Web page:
The most effective way to promote neuroplasticity is to focus on consistency and repetition. When you repeatedly practice a function affected by brain injury, it stimulates the brain and reinforces demand for that function. This encourages the brain to utilize neuroplasticity to rewire itself. The more you practice, the stronger the newly rewired connections become.
Below are some examples of therapies that utilize neuroplasticity to boost recovery:
1. Physical Therapy
After a severe brain injury, individuals may experience paralysis or severe weakness. A physical therapist can guide individuals through targeted exercises to stimulate the brain and promote neuroplasticity.
If decreased motor control is affecting your ability to move your limbs on your own, a physical therapist may perform passive range of motion exercises. This involves moving the client’s paralyzed or severely weakened limb for them. Although they are not actively performing the movement, the movement itself still stimulates the brain and encourages neuroplasticity.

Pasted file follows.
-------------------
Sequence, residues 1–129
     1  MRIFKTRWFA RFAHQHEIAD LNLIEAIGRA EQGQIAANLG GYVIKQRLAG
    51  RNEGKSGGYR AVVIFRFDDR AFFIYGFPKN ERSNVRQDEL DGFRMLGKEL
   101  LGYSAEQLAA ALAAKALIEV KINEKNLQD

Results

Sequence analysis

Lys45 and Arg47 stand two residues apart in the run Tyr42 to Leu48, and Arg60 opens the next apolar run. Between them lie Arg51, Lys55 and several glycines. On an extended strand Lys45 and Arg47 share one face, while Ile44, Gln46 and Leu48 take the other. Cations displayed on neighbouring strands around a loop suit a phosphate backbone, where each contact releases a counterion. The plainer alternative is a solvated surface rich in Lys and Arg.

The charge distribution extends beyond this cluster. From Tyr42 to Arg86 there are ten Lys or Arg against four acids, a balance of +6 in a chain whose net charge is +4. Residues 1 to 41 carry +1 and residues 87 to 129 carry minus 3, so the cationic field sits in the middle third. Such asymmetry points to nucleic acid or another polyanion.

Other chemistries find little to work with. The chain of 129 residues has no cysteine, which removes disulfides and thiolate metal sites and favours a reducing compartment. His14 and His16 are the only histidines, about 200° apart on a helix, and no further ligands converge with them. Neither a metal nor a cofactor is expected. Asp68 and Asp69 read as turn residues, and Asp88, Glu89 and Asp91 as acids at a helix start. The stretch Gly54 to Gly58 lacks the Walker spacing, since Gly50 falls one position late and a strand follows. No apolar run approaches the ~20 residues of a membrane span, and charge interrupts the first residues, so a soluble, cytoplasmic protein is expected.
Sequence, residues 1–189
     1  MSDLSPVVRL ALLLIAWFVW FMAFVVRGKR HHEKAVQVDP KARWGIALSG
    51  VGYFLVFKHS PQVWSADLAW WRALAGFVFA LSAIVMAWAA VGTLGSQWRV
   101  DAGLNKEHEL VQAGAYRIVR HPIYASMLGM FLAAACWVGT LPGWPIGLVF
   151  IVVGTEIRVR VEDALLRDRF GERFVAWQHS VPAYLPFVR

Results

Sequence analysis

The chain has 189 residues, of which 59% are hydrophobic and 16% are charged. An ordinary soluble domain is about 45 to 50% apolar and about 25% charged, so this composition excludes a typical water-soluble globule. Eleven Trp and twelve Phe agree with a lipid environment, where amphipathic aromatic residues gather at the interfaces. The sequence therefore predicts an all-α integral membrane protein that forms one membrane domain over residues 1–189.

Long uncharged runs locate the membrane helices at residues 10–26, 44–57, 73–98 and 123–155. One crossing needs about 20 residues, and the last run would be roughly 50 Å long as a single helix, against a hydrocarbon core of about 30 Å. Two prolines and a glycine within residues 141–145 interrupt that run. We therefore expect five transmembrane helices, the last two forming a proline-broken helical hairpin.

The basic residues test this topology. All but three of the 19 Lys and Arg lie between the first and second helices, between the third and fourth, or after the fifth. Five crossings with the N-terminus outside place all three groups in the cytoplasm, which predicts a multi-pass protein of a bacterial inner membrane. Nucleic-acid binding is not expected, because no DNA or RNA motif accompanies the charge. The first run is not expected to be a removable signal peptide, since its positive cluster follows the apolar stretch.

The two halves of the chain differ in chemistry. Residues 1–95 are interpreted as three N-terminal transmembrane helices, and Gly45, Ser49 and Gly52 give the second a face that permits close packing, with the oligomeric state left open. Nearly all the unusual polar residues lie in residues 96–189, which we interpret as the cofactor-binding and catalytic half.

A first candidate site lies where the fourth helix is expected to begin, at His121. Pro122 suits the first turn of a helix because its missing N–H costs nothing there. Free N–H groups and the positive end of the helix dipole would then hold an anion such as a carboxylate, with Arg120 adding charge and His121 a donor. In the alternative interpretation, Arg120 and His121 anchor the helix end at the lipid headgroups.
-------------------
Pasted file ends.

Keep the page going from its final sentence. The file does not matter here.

Eventually, with consistent and repetitive passive exercise, individuals may develop better control over their movements. At this point, a physical therapist may start having them perform more active exercise (where they are initiating the movement themselves, possibly with light assistance or supervision from the therapist), with goals of improving strength and balance and progressing towards walking.
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2. Constraint-Induced Movement Therapy (CIMT)